So, why does the tooth fairy leave money under the pillow?  The idea of exchanging a tooth for coins originated in Scandinavia.  Vikings paid children for a lost tooth.  Teeth were worn on necklaces as good luck charms in battle.  While the idea of exchanging a tooth for coins quickly spread throughout the rest of Europe, a fierce, horn-helmeted Viking is a far cry from the image of a fairy collecting teeth. While the tooth fairy as children know her today didn't make an appearance until the 1900s, tooth myths and rites of passage have existed in numerous cultures since the dawn of time.

If you have any questions or are in need of an appointment, call our dental office at 918-455-0123!

God Bless,
Dr. Thomas



February 16, 2018
Tags: Oral Health  






With the recent celebration of Valentine's Day still fresh in our minds, an increased volume of tasty "treats" abound from all of the treasured relationships in our lives.  While it is truly hard to look the other way or pass on the sweets from those that we love, the importance of maintaining a cavity free smile should never be forgotten.  Although our lives are invaded with goodies during this time of year, take a look at some better alternatives that are "healthier" for your smile!

Heathy Chocolate.  Studies have shown that dark chocolate is high in flavonoids, an ingredient found in the cocoa beans used to make chocolate.  Flavonoids can help protect the body against toxins, reduce blood pressure, and improve blood flow to the heart and brain.  By opting for dark chocolate rather than milk chocolate, you get to reap these benefits!

Dark Chocolate, AKA Protector of Teeth.  Not only does dark chocolate provide some nice benefits for your overall health, it also helps protect your teeth against cavities! According to the Texas A&M Health Science Center, dark chocolate contains high amounts of tannins, another ingredient present in cocoa beans.  Tannins can actually help prevent cavities by interfering with the bacteria that causes them.  Think of them as scarecrows for bacteria.  

Smooth Never Sticky.  Unlike many popular candies, dark chocolate is less likely to stick in the crevices of your teeth.  Chewy, gooey sweets are more likely to hang around in your mouth for longer periods of time, which means they raise the odds of you harboring cavity-creating bacteria.  While some dark chocolates have additives like caramel or marshmallow, it is best to opt for the plain varieties.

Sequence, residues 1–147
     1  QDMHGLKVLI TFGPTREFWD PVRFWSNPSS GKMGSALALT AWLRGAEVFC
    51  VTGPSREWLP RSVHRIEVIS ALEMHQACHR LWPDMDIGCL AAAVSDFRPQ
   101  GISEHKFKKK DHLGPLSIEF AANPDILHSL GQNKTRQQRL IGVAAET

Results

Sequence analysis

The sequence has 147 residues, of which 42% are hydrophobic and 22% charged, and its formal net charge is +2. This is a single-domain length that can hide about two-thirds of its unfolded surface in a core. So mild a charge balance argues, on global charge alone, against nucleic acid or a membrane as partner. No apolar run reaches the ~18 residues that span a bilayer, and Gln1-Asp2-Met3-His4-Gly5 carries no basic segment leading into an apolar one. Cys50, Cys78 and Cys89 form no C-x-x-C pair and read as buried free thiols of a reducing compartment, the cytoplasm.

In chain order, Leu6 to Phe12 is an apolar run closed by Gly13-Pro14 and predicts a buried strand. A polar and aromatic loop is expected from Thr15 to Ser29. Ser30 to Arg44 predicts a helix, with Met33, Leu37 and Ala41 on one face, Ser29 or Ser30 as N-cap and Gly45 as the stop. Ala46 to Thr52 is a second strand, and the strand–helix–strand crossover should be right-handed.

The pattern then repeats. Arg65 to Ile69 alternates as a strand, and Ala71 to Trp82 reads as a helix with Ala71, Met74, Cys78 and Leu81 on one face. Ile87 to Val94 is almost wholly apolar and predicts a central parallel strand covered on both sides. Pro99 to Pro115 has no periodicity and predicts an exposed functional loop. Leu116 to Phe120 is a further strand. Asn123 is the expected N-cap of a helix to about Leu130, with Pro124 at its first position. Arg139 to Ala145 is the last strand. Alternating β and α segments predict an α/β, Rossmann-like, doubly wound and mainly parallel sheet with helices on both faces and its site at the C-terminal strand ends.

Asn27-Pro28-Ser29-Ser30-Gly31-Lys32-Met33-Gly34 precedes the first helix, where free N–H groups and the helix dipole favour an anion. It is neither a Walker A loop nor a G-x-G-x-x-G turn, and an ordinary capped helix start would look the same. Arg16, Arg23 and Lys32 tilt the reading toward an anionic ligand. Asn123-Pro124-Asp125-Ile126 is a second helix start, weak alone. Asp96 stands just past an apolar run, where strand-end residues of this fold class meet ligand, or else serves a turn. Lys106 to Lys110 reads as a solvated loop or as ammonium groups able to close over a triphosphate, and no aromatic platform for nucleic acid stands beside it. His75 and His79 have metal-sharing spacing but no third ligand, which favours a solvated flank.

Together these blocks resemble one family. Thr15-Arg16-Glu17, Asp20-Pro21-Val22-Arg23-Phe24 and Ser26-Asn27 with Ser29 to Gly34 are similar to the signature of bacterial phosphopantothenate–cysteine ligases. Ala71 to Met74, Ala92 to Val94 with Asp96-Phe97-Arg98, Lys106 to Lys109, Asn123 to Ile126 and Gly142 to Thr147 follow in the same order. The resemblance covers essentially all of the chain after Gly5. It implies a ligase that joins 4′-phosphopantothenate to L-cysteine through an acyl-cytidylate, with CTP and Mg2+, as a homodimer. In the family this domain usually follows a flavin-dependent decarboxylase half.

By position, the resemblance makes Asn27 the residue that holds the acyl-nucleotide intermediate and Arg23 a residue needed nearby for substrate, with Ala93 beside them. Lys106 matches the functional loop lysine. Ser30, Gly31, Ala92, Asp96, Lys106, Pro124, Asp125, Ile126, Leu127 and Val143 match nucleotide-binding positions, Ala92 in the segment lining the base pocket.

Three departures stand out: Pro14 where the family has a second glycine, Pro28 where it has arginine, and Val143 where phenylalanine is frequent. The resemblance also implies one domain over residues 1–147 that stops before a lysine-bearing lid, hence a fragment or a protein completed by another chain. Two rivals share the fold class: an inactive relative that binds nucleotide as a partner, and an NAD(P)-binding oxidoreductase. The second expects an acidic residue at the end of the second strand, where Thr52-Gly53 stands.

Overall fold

While dark chocolate has some pretty sweet benefits, the most important thing to remember (whether you go the dark chocolate route or not), is that moderation is the key! If you have any questions or are in need of an appointment, call our dental office at 918-455-0123!

God Bless,
Dr. Thomas



February 14, 2018
Category: HISTORY
Tags: Valentine's Day  






Valentine's Day, also known as Saint Valentine's Day, has been said to originate with a Catholic priest named Valentine many years ago.  Valentine defied the emperor at that time by secretly marrying men and their brides after the emperor had made it illegal to marry.  Since married men were not required to go to war, Emperor Claudius II forbid marriage because he wanted as many single men to fight in his war as he could get.

Valentine disobeyed the emperor's edict by continuing to marry couples until he was sentenced to death.  Before his execution, he sent a letter to a secret love and signed it "From your Valentine."  Whether you have a valentine of your own or not, check out these Valentine's Day celebration suggestions.


ENJOY A TASTY TREAT. There are plenty of options when it comes to cooking and/or baking on Valentine's Day.  No matter what treats your may give or receive, just remember their potential impact on your teeth!
MAKE A PERSONALIZED CARD.  Instead of buying a card from the grocery store, take the time to make your own for a loved one.
WATCH A MOVIE.  Put on your favorite romantic comedy, or pick up your valentine's favorite movie.
DO NOTHING!  Valentine's Day restaurant reservations can be hectic! Mixing it up and keeping it simple with a quiet, relaxinf evening may be the best remedy.

Valentine's Day is a time to celebrate love and spend quality time with the people you care about the most.  Whether you're in a realtionship or single, take some time today to appreciate those you love in your life.  Wishing you a happy Valentine's Day celebration and if you have any questions or are in need of an appointment, call our dental office at 918-455-0123!

God Bless,
Dr. Thomas